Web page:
• Ranjani R

How to Teach Preschoolers & Toddlers the Alphabets so they are Excited to Learn! + Free Printable!!



As we all know, reading is an essential milestone for kids. However, before reading can begin, we need to teach the alphabet – letter shapes, names of the letters, and letter sounds.


The steps that we follow are:

1) Read the Alphabet

2) Recite/Sing Alphabet

3) Teaching lowercase and uppercase

4) Match lowercase to uppercase

5) Trace Alphabet

6) Fun activity with Alphabet

7) Write the Alphabet




The key to a curriculum or unit for homeschoolers (or any learner) is to keep it FUN, engaging, and hands-on! Merely teaching the letters of the alphabet by doing a worksheet may not work for many learners. It can be tedious. But, when the child sculpts the letter from playdough, recites a fun poem, or makes a craft, learning will be fun, creative, entertaining, and long-lasting. Add in games, song, and movement, and you’ll have eager little ones, ready to learn!


We did not follow the order of Alphabets when we taught alphabets to our little one. We started with the letters in his name and to our surprise, Baby R was learning and was able to identify the alphabets in his name by 18 months.


Read The Alphabets


The easiest way to teach a toddler/preschooler is to read the alphabet to them. Read all sorts of alphabet books to your children even starting as babies. Read as many books as possible to introduce the alphabet, doing your normal read-aloud, point out the letters, and how you are using what is printed on the page to say the words.


Recite/Sing the Alphabet


Recite the alphabet to your children every morning/evening or sing the alphabet songs. Repetition is the key to the retrieval of information, in this case, Alphabets. Add music and movement! So important for little learners and there are so many great videos on YouTube that do this! I also love to incorporate tunes they already know into our learning.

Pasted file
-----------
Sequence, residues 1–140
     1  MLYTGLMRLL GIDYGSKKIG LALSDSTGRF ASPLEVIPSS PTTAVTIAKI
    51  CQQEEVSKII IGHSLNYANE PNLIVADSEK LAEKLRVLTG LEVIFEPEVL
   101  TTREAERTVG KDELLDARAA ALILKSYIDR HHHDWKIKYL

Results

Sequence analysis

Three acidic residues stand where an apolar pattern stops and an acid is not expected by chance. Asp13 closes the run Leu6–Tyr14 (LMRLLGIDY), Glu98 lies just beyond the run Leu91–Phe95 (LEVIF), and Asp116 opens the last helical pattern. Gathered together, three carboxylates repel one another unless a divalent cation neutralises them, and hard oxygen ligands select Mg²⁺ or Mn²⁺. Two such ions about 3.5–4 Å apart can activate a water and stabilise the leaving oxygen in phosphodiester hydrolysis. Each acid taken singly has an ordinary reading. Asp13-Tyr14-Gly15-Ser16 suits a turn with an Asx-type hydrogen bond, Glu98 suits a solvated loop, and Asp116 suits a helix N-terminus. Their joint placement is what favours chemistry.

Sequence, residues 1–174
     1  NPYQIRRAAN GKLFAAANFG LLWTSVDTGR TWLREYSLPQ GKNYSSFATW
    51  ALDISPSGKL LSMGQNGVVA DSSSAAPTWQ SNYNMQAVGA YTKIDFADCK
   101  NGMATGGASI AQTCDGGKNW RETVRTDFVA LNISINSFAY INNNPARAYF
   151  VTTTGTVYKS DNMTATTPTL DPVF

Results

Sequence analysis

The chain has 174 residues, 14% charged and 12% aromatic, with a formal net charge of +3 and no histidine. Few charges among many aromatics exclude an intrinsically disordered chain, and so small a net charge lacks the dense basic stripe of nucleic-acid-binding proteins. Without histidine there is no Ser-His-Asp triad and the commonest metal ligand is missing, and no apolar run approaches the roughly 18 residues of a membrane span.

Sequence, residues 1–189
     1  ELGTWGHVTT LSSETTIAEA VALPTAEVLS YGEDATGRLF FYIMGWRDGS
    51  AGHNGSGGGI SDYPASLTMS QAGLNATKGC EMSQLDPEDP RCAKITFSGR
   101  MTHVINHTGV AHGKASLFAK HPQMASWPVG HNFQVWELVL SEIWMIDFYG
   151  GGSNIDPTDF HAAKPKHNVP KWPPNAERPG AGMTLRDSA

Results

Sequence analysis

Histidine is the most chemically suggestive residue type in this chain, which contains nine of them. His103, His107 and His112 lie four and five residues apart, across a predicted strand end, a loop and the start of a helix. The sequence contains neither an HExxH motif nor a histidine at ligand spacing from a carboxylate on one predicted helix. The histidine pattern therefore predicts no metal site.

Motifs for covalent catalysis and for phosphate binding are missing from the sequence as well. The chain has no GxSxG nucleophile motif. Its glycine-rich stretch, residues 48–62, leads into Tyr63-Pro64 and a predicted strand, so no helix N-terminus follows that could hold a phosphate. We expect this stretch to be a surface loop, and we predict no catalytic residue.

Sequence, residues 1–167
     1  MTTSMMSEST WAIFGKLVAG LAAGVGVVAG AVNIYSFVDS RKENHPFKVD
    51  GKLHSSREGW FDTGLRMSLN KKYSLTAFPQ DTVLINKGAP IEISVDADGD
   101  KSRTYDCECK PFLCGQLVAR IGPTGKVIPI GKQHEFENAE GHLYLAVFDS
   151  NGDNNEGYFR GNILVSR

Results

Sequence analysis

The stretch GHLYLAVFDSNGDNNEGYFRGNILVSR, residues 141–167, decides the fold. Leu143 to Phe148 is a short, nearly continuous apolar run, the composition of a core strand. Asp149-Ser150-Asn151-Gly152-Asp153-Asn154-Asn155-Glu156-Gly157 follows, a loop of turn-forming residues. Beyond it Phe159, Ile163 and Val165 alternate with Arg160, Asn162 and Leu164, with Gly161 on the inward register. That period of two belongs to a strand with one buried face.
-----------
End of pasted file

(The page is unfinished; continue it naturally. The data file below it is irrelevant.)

You can also focus on a Letter of the Day or Letter of the Week. Try to find things in your house that begin with that letter. Sing a song using that letter, Create a scavenger hunt in your home. Look for objects that start with a letter, objects that begin with a specific sound.


Identification of Lowercase & Uppercase


Teach uppercase letters first as opposed to the wide opinion of teaching lowercase. The fact is that your child will learn all of the letters–uppercase and lowercase–before he/she learns to read. So why not start with the letterform that is easiest to learn?


Developmentally, it will be easier for your child to learn capital letters first. That’s because the visual form of the capital letters is more distinct. Take a look at this row of capital letters:


A B C D E F G H I J K L M N O P Q R S T U V W X Y Z


The only letters that could be flipped and mistaken for another letter are M/W.

Now take a look at this row of lowercase letters:


a b c d e f g h i j k l m n o p q r s t u v w x y z


With the lowercase letters, there are several pairs of letters that could be flipped.